Gramophone

Though hardly cutting edge for its time, Bliss’s Concerto is a work of much ingenuity, and Trevor Barnard is a splendid soloist. Now that it no longer matters (if it ever did) whether Arthur Bliss’s Piano Concerto was an absurd anachronism in 1938, surely we can just sit back and enjoy it for what it is: a virtuoso showpiece with all the trimmings – sweeping romantic melodies, cascades of double octaves, the lot? And yet it is rather more than that. The first movement has three fine themes: a grandly proud one, a smooth lyrical second (as it happens, both quite typical of Bliss) and a memorably beautiful third which you only gradually come to realise is related to both its predecessors. With that sort of ingenuity there’s no risk at all that the first movement, which is rich in texture, incident and interest, will seem a moment too long at 17 minutes. The slow movement is engaging in the way that both its melodies develop in unexpected ways: the first, touching but seemingly brief, is expanded quite differently by the orchestra and the soloist, and the second, which you take for charming light relief, soon becomes grandly pianistic. The finale is no less clever – you may well want to play it again from the beginning, to find out how the brusque, brief figure at the outset becomes so nobly declamatory by the end. The repeat will be no hardship: that finale is a resourcefully handled quasi-rondo, again rich in incident and contrast. Unfortunately, this fine performance, so well-received when it first appeared, is let down by its dated sound.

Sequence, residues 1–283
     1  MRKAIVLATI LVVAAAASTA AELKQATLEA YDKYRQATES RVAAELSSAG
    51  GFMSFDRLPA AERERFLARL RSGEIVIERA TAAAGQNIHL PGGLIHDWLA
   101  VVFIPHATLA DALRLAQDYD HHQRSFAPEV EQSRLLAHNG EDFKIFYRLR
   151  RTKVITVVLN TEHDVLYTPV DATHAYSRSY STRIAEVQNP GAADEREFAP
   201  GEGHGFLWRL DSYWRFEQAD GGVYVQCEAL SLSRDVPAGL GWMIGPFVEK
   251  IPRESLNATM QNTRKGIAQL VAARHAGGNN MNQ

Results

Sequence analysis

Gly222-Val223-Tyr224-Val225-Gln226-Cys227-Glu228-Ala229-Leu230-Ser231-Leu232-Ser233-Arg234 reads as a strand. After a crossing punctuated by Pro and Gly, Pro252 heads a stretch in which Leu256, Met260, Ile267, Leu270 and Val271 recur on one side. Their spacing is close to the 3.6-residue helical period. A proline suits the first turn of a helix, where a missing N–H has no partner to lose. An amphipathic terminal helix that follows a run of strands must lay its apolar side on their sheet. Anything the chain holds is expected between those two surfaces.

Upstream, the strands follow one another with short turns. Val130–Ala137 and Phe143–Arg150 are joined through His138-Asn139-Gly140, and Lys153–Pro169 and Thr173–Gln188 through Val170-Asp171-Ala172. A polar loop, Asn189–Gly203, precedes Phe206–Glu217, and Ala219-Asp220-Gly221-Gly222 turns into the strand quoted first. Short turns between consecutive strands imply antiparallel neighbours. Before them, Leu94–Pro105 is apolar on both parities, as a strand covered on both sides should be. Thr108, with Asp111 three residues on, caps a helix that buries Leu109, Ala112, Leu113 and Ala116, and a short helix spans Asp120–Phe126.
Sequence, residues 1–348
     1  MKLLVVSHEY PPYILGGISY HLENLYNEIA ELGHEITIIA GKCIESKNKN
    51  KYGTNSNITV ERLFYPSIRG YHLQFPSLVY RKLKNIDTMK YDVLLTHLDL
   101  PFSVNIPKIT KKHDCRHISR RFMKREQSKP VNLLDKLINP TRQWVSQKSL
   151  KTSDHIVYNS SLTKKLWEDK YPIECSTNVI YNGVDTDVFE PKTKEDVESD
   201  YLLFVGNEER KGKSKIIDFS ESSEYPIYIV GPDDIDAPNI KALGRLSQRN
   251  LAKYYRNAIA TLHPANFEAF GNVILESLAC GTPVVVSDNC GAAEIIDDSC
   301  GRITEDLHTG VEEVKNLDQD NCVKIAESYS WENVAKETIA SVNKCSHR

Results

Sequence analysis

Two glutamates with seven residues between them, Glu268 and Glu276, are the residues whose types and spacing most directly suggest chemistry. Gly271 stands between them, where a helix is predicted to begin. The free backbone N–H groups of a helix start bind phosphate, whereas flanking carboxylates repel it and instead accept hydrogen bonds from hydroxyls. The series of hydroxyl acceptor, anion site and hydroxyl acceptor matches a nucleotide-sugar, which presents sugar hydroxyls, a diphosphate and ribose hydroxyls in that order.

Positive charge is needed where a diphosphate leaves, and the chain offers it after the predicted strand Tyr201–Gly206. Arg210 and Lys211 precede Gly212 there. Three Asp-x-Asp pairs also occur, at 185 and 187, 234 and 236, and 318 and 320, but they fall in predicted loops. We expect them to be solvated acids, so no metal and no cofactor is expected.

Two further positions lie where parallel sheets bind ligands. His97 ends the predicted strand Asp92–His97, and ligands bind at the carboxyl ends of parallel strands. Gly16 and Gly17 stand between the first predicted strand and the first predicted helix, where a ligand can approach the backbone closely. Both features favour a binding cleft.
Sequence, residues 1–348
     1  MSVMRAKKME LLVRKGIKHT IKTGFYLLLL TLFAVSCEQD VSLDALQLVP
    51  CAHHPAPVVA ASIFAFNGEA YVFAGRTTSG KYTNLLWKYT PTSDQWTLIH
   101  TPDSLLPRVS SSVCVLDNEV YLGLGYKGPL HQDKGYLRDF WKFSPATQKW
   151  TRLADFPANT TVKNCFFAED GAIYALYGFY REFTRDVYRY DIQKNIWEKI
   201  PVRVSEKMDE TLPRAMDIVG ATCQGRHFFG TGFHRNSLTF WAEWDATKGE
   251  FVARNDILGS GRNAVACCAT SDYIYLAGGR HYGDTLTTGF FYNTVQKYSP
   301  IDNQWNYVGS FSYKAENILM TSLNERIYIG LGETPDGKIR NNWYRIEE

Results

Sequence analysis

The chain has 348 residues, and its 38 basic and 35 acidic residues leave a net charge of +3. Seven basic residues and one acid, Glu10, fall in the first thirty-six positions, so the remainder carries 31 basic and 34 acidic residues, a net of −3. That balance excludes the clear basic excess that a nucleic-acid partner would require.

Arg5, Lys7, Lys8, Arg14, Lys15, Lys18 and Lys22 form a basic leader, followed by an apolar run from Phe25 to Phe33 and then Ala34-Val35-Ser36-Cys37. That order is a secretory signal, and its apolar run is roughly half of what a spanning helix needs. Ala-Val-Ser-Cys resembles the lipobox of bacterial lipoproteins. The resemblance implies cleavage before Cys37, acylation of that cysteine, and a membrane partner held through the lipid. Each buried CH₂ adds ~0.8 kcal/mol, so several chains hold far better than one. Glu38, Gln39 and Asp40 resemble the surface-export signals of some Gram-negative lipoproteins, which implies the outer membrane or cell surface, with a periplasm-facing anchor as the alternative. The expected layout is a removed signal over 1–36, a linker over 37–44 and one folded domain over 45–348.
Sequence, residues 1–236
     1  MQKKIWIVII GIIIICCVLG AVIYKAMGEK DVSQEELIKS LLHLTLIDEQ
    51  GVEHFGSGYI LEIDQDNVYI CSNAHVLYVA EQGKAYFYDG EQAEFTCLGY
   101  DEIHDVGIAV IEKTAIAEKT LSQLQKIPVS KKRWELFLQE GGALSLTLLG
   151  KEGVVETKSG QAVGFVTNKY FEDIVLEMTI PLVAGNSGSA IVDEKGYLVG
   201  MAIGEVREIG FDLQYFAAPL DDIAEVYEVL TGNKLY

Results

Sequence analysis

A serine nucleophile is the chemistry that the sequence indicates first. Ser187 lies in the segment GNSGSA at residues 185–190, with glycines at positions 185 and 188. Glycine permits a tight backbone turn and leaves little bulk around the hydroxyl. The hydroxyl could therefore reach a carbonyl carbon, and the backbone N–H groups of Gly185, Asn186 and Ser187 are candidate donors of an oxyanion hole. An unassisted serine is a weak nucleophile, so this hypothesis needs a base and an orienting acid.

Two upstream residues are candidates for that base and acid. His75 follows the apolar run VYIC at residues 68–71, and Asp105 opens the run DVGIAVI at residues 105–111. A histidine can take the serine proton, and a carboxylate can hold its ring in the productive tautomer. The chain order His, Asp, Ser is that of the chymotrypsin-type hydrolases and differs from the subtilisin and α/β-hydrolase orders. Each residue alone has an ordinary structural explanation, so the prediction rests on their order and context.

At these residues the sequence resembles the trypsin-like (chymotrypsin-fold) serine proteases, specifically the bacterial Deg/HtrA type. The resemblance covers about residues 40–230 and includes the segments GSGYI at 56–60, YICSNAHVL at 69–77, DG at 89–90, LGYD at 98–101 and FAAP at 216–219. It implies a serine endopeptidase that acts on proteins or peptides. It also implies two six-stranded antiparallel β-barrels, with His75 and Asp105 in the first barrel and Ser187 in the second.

The solo part is splendidly played (though Sargent could have taken more care over orchestral balance, which is sometimes gawky) but the mono recording is rather dense, a bit veiled at times, with insufficient dynamic contrast. Short measure too, but the only modern recording, by Philip Fowke adds only a five-minute march, and is only available on cassette. Despite my reservation I enjoyed this reissue enormously.

—Michael Oliver